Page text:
Americans Are in a Spending Mood

Consumer Reports surveyed America recently, and found a nation that’s ready to put the bad times behind, and open its wallets again.

The venerable consumer testing firm’s Consumer Reports National Research Center surveyed 1,006 adult Americans in an effort to gauge the consumer spending moods of the country five years after the recession officially ended.

According to the results, Americans have gotten over the recession:

Sixty four percent of the respondents said they had spent “big bucks” on a major purchase in the past year. Among the big items bought, new and used vehicles were a popular choice, with 46% telling Consumer Reports they had bought a new or used vehicle in the past year or intend to buy one in the coming year.

Twelve percent had bought a home in the past year, or plan on doing so over the coming year. Also, 34% had completed a home remodeling project, or plan to.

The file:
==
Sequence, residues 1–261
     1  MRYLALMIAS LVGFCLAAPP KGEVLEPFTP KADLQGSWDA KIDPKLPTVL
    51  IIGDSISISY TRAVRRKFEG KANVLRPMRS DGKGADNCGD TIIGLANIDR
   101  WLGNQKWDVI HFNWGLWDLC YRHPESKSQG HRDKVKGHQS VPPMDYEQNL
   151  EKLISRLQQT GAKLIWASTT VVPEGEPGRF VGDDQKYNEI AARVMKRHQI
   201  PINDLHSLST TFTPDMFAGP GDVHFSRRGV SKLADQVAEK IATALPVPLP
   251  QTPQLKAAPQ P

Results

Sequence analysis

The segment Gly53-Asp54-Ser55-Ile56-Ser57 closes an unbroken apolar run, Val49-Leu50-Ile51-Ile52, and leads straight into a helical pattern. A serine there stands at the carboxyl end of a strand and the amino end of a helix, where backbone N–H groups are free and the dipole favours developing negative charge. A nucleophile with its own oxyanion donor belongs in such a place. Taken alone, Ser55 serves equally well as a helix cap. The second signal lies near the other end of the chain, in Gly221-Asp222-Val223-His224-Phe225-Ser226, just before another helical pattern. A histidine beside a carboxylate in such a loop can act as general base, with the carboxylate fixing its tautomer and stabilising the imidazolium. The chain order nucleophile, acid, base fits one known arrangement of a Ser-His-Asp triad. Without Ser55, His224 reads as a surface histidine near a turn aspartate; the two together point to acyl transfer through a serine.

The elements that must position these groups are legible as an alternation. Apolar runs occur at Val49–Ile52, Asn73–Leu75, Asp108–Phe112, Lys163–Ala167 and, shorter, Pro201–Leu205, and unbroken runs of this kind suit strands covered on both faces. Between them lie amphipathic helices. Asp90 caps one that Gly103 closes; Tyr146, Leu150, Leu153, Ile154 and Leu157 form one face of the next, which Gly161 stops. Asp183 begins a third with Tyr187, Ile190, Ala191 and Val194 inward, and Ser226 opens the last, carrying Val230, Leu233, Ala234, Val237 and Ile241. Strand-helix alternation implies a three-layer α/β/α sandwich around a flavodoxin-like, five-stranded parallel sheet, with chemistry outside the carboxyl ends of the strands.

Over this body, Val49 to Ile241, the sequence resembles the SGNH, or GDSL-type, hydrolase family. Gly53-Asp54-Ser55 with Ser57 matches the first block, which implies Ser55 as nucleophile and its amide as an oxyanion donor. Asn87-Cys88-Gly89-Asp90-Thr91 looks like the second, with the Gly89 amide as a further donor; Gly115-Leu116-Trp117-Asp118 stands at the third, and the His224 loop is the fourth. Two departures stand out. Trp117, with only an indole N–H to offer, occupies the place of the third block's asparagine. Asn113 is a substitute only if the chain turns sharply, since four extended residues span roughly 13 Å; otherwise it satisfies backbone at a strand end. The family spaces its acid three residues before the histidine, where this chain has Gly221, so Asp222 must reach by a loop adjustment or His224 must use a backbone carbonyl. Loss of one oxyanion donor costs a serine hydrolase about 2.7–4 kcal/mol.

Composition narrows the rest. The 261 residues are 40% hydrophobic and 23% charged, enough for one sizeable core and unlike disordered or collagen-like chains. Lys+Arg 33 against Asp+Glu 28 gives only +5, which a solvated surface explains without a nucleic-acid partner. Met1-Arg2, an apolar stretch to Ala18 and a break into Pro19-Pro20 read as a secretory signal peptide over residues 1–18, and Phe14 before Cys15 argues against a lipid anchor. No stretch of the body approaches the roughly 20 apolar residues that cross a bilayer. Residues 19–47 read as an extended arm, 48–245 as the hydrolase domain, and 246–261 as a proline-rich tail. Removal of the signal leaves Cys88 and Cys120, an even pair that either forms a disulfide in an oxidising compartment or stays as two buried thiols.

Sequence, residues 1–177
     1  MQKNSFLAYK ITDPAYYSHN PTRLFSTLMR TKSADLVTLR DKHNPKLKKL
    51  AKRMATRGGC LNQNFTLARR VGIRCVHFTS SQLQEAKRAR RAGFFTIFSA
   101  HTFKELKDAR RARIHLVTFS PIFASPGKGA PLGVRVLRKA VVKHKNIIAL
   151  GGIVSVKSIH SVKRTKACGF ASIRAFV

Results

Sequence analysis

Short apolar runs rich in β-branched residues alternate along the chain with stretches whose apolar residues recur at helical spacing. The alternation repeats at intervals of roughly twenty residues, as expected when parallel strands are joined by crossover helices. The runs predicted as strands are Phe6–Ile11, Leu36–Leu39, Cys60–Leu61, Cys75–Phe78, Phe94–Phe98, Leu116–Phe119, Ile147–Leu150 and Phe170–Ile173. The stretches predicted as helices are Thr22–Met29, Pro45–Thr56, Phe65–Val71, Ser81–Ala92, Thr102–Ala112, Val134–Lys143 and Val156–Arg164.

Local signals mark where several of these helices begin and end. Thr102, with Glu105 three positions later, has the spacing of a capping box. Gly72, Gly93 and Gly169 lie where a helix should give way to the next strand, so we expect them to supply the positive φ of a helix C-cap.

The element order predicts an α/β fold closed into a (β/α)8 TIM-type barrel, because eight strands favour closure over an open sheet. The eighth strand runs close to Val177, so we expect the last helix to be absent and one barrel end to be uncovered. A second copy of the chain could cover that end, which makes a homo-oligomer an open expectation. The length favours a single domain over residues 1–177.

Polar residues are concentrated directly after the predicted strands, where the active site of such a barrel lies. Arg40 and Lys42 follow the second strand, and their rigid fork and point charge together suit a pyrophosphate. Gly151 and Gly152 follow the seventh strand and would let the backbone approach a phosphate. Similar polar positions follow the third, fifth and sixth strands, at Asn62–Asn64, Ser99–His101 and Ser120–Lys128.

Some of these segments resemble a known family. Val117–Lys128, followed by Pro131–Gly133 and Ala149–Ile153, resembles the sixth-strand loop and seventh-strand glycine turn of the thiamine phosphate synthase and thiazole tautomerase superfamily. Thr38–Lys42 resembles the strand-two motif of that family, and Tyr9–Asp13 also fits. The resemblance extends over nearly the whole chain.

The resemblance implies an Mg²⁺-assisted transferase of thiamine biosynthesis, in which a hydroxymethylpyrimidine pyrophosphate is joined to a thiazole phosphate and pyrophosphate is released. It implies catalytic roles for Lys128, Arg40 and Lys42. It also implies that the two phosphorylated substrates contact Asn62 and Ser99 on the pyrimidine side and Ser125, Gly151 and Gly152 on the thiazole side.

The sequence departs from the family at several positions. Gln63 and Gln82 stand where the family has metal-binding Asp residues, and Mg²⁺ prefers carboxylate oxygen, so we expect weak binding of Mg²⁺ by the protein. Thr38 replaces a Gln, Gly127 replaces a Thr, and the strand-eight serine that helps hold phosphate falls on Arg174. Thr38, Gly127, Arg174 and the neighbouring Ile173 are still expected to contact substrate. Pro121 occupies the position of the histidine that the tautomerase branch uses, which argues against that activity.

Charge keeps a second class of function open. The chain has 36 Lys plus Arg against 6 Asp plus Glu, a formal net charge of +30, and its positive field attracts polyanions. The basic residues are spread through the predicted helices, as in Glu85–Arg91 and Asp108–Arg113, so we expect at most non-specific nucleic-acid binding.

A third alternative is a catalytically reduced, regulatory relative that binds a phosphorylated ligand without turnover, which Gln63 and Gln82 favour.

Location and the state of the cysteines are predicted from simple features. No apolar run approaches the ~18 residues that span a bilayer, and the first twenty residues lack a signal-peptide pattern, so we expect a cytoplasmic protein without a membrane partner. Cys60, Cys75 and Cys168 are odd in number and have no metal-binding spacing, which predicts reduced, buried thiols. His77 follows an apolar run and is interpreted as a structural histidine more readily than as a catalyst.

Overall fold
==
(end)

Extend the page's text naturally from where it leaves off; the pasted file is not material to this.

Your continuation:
During the recession, people did what they could to make extra money – by working extra jobs or selling off their possessions. The survey results indicate that this trend has slowed: 31% told Consumer Reports that they are holding fewer garage sales, while 30% said they are taking fewer odd jobs.

Some of this consumer exuberance was the result of pent-up demand finally being addressed. For instance, people who held on to older cars during the bad times finally bought a newer vehicle. However, some of this was clearly splurging on fun things.

Bad times are a drag – both economically and psychologically. There’s a reason why the term “depression” resonates with people. Buying a new car – or kitchen – is one way to feel liberated from enforced frugality. Let’s hope that the economy continues to support this kind of activity.


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